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Kingston Pharma LLC received a warning letter after an FDA inspection found violations of current good manufacturing practices including inadequate quality control.
FDA sent a warning letter, dated May 14, 2019, to Kingston Pharma LLC after an inspection of the company’s Massena, New York facility found violations of current good manufacturing practices (CGMPs). The violations included inadequate quality and process control and improper building maintenance.
The inspection, which was conducted from November 13 to December 10, 2018, found the company had failed to establish adequate written quality control procedures. According to FDA, product batches were distributed before all test results were reviewed. “In addition, you have no written documentation describing your audit trail review procedure. During the inspection, your [quality unit] personnel could not show the audit trails on your high-performance liquid chromatography (HPLC) instruments. In your response, you acknowledged that before the FDA inspection, you released some batches ‘on a risk basis while awaiting results’,” the agency stated in the letter. The agency asked that the company provide a retrospective evaluation of distributed batches to determine identity and strength of API.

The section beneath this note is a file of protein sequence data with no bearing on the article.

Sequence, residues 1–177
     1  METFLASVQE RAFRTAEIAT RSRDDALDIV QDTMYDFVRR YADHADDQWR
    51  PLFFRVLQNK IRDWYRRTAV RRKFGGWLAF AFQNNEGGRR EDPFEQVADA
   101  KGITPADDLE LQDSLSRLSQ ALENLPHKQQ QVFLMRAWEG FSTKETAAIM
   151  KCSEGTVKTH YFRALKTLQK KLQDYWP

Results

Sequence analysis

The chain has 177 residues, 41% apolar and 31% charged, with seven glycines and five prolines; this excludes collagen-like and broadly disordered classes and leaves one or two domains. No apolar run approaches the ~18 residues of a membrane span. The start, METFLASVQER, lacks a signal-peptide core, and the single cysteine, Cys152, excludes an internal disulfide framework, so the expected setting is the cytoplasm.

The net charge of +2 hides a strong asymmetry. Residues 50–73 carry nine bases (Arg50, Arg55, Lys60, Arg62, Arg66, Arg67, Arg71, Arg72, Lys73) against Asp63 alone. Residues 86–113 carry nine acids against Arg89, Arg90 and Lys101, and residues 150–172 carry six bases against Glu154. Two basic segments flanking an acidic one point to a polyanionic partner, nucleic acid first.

The letter also stated that the company did not validate manufacturing processes, and some of those processes were missing key parameters. Also, manufacturing equipment was not qualified. FDA asked the company to provide a risk assessment of products on the market and a validation plan for ensuring product control.
An adequate, written stability testing program was also not established, according to the agency. The company failed to evaluate if drug products had adequate supporting stability data. FDA asked the company to provide a retrospective review of all missing or delayed stability testing, an impact assessment for the missed or delayed stability testing, a corrective action and preventive action plan (CAPA) to ensure an adequate stability program, and a program for determining shelf life of products.
During the inspection, investigators also observed peeling sealant in ceilings directly above filling machines and cracked light fixtures over dispensing areas. While the company stated it had made repairs to the facility, it did not provide FDA with evidence of the repairs or a plan for performing checks of the facility’s condition. The agency requested a review of the company’s preventive maintenance programs and a CAPA for ensure the program’s effectiveness.